These concepts of equality and equity are important because in our generation, discrimination is often unintentional or less overt when compared to the era of Martin Luther King, Jr.  But just because discrimination is unintentional does not mean it won’t have a lasting negative impact.

When we unintentionally surround ourselves with people just like ourselves we don’t have awareness of the roadblocks or challenges that some may face to achieve that same status.

Whether we are at a board meeting or a cocktail party, if everyone is the same race, class, gender or sexual orientation, we can’t benefit from the wisdom that comes from sharing diverse perspectives.

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Yes I am of the post-Civil Rights Act generation that did not witness segregation. There is awareness among my peers about equality. But there is less awareness and understanding of equity and why it is critical to a fair and just society.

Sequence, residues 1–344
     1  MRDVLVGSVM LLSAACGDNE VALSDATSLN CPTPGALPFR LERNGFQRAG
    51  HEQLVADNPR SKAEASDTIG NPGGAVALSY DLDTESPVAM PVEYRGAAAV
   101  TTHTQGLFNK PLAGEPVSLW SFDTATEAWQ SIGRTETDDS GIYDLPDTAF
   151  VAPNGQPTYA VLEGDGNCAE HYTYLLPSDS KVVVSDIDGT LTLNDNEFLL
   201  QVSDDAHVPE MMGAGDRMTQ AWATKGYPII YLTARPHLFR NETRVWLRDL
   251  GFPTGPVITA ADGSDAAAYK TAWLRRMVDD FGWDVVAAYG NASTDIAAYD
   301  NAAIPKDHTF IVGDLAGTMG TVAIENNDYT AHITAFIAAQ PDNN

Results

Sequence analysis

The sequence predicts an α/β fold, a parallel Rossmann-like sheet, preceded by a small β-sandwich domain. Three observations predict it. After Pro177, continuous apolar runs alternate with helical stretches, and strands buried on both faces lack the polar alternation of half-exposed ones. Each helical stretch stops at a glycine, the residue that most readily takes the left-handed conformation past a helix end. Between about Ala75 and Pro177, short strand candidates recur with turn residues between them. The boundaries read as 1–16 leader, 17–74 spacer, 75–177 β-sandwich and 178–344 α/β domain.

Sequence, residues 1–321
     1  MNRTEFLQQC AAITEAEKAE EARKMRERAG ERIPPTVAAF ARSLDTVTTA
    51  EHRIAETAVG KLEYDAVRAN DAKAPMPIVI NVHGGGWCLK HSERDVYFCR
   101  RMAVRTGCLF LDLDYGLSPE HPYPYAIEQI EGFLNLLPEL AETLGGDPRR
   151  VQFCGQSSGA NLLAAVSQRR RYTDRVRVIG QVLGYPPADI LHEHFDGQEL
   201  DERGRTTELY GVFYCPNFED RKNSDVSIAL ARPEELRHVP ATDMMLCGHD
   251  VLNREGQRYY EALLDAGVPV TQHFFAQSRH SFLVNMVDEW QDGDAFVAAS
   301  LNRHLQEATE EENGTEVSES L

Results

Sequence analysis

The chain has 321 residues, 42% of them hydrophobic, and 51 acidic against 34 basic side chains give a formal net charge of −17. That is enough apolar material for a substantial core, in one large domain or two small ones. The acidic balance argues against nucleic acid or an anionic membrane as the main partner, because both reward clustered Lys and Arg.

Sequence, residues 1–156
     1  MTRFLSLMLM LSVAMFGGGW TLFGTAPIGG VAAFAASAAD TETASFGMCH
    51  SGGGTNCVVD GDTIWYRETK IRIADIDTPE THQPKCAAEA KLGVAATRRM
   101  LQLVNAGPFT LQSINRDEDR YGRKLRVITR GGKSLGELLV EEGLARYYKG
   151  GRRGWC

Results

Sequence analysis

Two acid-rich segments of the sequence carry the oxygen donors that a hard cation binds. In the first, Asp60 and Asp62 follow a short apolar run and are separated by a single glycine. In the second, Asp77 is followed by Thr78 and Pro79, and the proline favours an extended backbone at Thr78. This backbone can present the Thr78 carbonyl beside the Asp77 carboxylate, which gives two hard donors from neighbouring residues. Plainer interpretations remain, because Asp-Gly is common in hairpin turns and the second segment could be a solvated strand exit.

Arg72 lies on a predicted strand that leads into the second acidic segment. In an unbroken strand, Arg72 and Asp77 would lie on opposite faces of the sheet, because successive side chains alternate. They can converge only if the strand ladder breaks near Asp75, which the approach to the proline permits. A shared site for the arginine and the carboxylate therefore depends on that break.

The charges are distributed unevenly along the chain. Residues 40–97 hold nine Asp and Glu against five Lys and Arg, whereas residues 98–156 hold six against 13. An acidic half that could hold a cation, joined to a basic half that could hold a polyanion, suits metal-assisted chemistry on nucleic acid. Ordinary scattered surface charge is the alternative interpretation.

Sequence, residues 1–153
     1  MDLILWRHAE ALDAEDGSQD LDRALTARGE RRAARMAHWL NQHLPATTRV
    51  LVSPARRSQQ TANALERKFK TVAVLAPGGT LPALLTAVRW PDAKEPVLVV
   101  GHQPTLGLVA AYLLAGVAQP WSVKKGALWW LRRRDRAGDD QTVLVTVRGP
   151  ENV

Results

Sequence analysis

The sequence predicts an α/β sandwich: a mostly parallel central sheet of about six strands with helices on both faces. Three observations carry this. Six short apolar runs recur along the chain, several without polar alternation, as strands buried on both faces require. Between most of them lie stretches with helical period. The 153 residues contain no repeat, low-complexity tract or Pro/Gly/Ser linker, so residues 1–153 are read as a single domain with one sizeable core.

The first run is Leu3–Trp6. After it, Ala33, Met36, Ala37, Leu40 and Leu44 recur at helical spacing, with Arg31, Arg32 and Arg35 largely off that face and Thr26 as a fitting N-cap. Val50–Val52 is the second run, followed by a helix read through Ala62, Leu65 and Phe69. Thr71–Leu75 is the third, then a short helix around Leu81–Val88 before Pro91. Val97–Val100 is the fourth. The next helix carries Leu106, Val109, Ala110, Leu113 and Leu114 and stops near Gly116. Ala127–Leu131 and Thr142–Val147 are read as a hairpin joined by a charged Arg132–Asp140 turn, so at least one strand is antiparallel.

If you have interest in exploring this topic of equality and equity, please join me and my colleague, Cheryl D. Fields on March 25, 2014 at 1pm PST/4pm EST for a webinar entitled Leadership & Equity hosted by the Leadership Learning Community. Register for the webinar today!

We will continue this dialogue and what role each one of us can play to move our world closer toward the vision shared by Abraham Lincoln and Martin Luther King, Jr.

What’s Goverance Got to Do with It?

Over my twenty years in the nonprofit sector I have held different seats at the governance table.

As a member of an all-volunteer organization, I’ve experienced serving on a board that worked essentially as the staff. As an Executive Director of a nonprofit, I experienced a relationship with the board as my boss. While serving as a board chair, I was the leader of the board. In my professional work as a consultant, I am brought in to support boards in reaching their greatest potential.

What have I learned based on my experience in each of these roles? Your organization is only as healthy as your board.

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When boards and board members are working in coordination with staff, the organization has leveraged the talents, and resources of 10-20 more people…for free!